Daniel Swift

Will’s world: Shakespeare as the man in the crowd

Geoffrey Marsh anchors the playwright in his 1590s’ London neighbourhood, where he was surrounded by leather workers and refugees from the Continent

Portrait of Shakespeare from the title page of the first folio of his plays. Credit: Getty Images

Shakespeare’s first biographer was the gossipy antiquarian John Aubrey, who famously described the playwright as ‘not a company keeper’. It has long been tempting to see him this way: Shakespeare the aloof genius, almost divine. There’s something chilly in this vision, and scholarly work on Shakespeare of the past few decades has increasingly tended to picture him in different kinds of company. Academic studies now routinely investigate Shakespeare as a member of a group of players, or trace his links to patrons, his family and his rivals. By now it is generally accepted that Shakespeare’s plays were collaborative; the scholarly squabbles are over how much and which bits of work his co-writers did. The lonely poet in his garret has been superseded by a man in the crowd.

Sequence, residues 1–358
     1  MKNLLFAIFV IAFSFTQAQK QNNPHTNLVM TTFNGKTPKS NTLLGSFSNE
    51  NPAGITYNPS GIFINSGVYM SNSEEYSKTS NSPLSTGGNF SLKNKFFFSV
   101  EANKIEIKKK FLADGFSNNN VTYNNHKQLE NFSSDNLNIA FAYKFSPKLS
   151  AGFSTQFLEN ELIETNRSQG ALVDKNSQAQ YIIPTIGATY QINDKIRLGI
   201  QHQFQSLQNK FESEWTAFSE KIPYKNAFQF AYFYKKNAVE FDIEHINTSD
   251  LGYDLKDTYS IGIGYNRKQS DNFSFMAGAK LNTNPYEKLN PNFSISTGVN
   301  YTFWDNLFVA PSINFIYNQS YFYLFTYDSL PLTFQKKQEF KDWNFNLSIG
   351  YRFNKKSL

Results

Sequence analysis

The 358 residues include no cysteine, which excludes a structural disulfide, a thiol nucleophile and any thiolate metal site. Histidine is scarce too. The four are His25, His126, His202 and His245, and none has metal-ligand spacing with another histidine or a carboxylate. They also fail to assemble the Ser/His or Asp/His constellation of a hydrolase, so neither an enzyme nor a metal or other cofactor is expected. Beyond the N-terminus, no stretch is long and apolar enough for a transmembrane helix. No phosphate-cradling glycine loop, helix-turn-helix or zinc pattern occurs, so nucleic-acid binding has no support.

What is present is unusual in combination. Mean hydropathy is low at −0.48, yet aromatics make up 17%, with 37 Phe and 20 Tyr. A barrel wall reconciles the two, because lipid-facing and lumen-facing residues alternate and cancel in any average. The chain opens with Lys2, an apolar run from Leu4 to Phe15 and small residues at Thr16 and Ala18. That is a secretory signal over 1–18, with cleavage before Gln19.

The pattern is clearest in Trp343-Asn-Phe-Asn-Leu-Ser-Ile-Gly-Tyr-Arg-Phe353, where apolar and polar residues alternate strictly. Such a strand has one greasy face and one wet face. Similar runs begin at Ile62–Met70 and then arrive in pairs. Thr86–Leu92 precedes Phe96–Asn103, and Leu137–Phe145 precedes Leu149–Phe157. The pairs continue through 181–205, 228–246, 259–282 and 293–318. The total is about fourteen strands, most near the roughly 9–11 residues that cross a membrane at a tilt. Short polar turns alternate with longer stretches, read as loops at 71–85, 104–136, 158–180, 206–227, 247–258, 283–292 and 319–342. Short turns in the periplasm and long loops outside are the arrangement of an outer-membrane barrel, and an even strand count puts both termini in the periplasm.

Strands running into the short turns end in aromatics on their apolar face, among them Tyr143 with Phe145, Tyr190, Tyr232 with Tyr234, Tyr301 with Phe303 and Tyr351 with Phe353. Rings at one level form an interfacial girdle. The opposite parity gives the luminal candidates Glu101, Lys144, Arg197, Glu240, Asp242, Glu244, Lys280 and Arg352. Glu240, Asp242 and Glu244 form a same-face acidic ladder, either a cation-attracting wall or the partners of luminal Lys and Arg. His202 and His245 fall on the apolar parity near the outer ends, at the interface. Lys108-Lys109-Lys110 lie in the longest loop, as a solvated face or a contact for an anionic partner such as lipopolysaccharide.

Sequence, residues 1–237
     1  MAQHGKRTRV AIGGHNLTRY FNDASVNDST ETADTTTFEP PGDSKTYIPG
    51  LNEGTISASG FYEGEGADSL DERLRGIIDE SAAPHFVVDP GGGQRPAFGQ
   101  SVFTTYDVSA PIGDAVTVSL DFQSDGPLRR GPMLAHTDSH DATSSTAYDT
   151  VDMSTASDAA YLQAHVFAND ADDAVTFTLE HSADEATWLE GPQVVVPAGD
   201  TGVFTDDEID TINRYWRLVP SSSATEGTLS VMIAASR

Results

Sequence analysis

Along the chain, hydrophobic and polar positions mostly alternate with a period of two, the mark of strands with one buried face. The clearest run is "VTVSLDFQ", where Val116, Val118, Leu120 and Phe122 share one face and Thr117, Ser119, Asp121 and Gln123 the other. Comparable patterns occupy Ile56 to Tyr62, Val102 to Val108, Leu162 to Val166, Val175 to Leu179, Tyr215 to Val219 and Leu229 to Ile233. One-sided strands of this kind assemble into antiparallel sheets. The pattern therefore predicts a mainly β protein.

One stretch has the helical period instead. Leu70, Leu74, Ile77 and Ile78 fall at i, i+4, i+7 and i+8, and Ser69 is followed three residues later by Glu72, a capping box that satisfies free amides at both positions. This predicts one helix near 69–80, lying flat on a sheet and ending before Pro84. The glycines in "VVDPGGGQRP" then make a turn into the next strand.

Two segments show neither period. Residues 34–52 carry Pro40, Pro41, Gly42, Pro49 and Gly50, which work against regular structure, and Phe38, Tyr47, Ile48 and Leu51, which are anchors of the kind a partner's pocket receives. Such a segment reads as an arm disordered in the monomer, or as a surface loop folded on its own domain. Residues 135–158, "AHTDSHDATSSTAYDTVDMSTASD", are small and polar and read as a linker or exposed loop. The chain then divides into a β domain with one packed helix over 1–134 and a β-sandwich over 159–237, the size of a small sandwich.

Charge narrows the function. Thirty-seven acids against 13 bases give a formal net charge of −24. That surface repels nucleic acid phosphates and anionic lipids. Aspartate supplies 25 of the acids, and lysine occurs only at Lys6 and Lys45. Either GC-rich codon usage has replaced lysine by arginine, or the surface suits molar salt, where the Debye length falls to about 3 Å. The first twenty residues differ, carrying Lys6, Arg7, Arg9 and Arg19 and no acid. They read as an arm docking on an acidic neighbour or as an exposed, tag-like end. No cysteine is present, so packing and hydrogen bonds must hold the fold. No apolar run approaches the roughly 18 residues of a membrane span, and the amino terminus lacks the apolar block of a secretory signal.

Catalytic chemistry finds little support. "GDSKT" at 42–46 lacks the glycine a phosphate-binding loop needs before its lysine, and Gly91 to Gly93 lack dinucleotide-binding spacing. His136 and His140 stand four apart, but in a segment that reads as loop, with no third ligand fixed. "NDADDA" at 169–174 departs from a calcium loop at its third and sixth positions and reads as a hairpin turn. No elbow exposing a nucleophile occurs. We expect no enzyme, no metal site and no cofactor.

Geoffrey Marsh’s diffuse yet fascinating new book discovers Shakespeare in a small cluster of streets at the foot of what is now the Gherkin, but was in the 16th century the parish of St Helen’s, Bishopsgate. Shakespeare’s name appears on a Lay Subsidy Roll for this parish in October 1597. This is a listing of all those liable for tax, and it reveals that Shakespeare must have lived here in the mid-1590s. This record has long been known to biographers, but Marsh’s book is the first to dig deeply into all the other names alongside Shakespeare’s. The parish was ‘a thriving, wealthy, bustling community of perhaps 550-650 people’, writes Marsh: ‘It was full of wealthy merchants, textile traders and leatherworkers, with a scattering of MPs, gentry and artists.’ These were Shakespeare’s neighbours, who lived and worked around him as he wrote Romeo and Juliet, A Midsummer Night’s Dream, and The Merchant of Venice.

Shakespeare is assessed as being richer than a plumber but poorer than a skinner

There’s a lot of fun in this.

Already a subscriber? Log in

Keep reading with a free trial

Subscribe and get your first month of online and app access for free. After that it’s just £1 a week.

There’s no commitment, you can cancel any time.

Or

Unlock more articles

REGISTER

Comments

Don't miss out

Join the conversation with other Spectator readers. Subscribe to leave a comment.

Already a subscriber? Log in